How coronavirus impacts the meat industry
As restaurants, bars remain closed in several states Meat Purveyors CEO, Pat LaFrieda, tells ‘Fox & Friends’ the supply system is not broken and there is plenty of meat available.
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Allen Harim Foods, a Delaware-based chicken company, is reportedly being forced to kill up to 2 million chickens before they can be slaughtered and packaged for consumers.
In a letter received by the company’s livestock growers, Allen Harim said the chickens were being “depopulated” due to coronavirus-related staffing shortages at its processing plant, which is making it impossible to “harvest the amount of birds” they were previously able to handle.
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The news comes as other experts in the meat industry warned of possible and “severe” repercussions for the nation’s food supply chain in the wake of several processing-plant closures related to COVID-19.
Growers working to provide chicken for Allen Harim Foods were recently told about possible “depopulation” measures last week.
In the letter, which one Delaware grower confirmed to be legitimate to the Delaware News Journal, Allen Harim explained that only about 50 percent of its staff was still reporting for work as of April 8. The company had also begun to supply its growers with fewer eggs and chicks as soon as attendance at its processing plant started to dwindle.
“Unfortunately, reduced placements will not make an impact for six weeks and with the continued attendance decline, and building bird inventory daily, we are forced to make a very difficult decision,” wrote Michele V. Minton, the director of live operations at Allen Harim.
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Minton’s letter did not go into detail about how “depopulation” of growers’ flocks would be handled, though the process allegedly began on April 10, with Allen Harim reaching out to individual growers to share details. The company said farmers would be “fairly compensated” for the chickens.
A representative for Allen Harim was not immediately available for further comment.
PETA, meanwhile, has already reached out to Minton in an open letter published to the animal-rights organization’s website, asking her to mandate that the chickens be killed as humanely as possible, and using methods approved by the American Veterinary Medical Associaton for “non-emergencies.”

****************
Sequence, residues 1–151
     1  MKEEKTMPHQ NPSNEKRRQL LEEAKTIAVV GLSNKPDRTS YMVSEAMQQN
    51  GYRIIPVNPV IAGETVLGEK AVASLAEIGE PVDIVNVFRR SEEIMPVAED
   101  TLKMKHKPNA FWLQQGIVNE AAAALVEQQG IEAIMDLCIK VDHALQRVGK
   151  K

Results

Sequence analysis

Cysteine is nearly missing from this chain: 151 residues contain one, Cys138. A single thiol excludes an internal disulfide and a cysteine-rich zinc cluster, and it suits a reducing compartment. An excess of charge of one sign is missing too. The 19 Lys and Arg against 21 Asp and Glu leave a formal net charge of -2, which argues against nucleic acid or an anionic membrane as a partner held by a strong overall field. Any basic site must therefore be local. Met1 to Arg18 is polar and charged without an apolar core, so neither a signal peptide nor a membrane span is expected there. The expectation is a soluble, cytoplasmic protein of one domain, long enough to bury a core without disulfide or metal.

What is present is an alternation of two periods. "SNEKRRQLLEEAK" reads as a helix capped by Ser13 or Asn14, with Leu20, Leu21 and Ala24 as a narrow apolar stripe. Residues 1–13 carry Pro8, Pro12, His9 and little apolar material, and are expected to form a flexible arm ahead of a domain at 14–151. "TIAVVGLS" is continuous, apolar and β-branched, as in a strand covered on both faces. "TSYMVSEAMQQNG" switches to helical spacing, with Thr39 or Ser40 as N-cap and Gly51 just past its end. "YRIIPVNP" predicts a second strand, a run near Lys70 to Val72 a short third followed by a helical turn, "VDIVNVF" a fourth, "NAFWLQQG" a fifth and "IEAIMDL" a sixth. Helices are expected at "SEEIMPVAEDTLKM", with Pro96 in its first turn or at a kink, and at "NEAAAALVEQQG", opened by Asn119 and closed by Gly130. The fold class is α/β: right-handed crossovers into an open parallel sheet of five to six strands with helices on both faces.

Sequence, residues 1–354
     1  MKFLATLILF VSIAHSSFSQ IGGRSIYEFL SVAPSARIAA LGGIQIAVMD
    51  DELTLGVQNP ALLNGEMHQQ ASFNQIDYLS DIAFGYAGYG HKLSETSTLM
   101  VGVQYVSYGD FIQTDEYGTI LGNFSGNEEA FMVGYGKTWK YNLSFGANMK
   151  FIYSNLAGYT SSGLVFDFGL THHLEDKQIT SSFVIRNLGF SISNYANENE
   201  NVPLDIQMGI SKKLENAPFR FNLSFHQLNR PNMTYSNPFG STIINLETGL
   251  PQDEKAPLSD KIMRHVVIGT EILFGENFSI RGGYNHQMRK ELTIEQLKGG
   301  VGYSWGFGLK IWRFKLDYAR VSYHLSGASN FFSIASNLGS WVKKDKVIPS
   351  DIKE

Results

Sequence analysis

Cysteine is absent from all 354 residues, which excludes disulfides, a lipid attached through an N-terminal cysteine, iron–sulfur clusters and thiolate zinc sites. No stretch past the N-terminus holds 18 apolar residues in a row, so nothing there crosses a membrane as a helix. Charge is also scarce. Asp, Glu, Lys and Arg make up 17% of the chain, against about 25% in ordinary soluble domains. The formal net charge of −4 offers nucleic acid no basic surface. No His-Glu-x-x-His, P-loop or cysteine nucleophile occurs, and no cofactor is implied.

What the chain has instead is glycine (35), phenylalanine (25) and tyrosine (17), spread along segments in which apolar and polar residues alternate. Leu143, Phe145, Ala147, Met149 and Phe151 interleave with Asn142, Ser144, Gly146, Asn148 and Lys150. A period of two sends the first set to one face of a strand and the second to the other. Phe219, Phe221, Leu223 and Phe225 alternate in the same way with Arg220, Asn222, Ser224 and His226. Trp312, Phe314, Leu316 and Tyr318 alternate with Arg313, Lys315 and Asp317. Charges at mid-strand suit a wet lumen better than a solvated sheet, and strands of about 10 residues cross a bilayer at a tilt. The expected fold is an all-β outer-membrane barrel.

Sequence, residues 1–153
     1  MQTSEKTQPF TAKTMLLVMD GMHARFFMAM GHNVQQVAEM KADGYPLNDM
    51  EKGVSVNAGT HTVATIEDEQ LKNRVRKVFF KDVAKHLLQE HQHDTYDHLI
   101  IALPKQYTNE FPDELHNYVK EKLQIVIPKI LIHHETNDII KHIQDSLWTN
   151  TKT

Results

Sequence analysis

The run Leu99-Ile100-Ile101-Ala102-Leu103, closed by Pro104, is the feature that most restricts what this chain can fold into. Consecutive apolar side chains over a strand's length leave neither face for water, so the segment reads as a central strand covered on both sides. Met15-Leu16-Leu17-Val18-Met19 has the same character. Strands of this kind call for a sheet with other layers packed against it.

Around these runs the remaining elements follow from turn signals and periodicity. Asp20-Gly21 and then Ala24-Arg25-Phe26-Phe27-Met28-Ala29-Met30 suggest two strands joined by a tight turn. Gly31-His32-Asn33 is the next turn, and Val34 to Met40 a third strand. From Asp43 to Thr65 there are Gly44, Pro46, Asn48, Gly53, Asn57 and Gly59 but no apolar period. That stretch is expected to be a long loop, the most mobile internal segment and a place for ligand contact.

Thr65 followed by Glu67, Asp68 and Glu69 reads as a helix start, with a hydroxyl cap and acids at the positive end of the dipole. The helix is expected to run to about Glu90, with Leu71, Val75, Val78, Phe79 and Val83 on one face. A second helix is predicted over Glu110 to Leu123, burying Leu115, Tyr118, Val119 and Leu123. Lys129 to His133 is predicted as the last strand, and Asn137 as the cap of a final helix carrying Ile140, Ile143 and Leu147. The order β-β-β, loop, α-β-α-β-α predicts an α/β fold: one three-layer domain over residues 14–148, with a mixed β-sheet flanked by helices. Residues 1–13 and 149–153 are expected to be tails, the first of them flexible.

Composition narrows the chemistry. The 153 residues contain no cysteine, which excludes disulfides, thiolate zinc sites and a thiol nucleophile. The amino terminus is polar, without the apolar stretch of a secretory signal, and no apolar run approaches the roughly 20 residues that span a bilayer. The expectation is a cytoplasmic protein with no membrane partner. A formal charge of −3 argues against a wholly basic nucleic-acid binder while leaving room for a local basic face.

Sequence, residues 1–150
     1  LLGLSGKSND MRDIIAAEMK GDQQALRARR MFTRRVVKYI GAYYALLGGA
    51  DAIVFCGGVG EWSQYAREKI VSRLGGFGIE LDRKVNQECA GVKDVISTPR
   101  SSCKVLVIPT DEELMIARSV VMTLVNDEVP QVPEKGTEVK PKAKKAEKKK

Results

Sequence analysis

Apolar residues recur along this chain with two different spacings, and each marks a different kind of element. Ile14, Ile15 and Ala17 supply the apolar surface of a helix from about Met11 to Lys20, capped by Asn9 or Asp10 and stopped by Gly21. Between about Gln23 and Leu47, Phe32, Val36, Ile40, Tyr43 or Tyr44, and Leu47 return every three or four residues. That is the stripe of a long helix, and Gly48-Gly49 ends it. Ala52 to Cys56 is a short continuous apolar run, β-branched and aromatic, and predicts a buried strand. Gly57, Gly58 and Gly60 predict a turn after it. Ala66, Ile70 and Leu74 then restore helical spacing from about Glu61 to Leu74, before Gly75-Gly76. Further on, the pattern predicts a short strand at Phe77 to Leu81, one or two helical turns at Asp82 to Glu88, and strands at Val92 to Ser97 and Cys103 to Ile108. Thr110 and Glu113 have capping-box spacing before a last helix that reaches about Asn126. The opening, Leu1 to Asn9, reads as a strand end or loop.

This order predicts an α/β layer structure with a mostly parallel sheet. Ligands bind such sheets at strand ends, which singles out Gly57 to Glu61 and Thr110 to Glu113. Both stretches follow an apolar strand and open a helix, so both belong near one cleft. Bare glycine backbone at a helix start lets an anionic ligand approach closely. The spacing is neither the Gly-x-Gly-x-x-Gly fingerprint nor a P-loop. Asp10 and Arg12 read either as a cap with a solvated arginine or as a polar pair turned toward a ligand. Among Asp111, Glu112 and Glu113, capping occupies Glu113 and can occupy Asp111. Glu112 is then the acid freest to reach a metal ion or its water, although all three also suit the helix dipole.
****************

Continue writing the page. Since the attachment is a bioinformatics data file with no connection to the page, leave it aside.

“These millions of chickens don’t deserve be tossed into an old wood chipper or struck with a two-by-four, as PETA has documented in other ‘depopulation’ efforts,” said Daphna Nachminovitch, PETA’s senior vice president of cruelty investigations, in a press release that accompanied the letter. “The law, veterinary guidance, and common decency all mandate that the chickens receive the quickest and least cruel death possible.”
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Meanwhile, experts and executives in the meat-industry continue to be concerned over the effect of the coronavirus on the nation’s supply chain for food.
Earlier this week, the president and CEO of Smithfield Foods, one of the nation’s largest meat-processing companies, has warned of “severe, perhaps disastrous” consequences for the country’s meat supply chain following the closure of its South Dakota plant — and several other meat-processing plants — due to outbreaks of the novel coronavirus.
The president and CEO of Smithfield Foods said the closure of its Sioux Falls plant (not pictured), along with the temporary shuttering of other meat-processing plants, “is pushing our country perilously close to the edge in terms of our meat supply.”
(Daniel Acker/Bloomberg via Getty Images)
“The closure of this facility, combined with a growing list of other protein plants that have shuttered across our industry, is pushing our country perilously close to the edge in terms of our meat supply,” Kenneth M. Sullivan, of Smithfield, said in a media release issued on Sunday.
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The Delmarva Poultry Industry, a trade association with members in Delaware, Maryland and Virginia, told the Delaware News Journal it was also growing concerned after Allen Harim’s “depopulation” news.
“The impact of COVID-19 on the U.S. chicken industry is becoming more apparent as the disease continues to spread throughout the United States,” said Holly Porter, the executive director of Delmarva.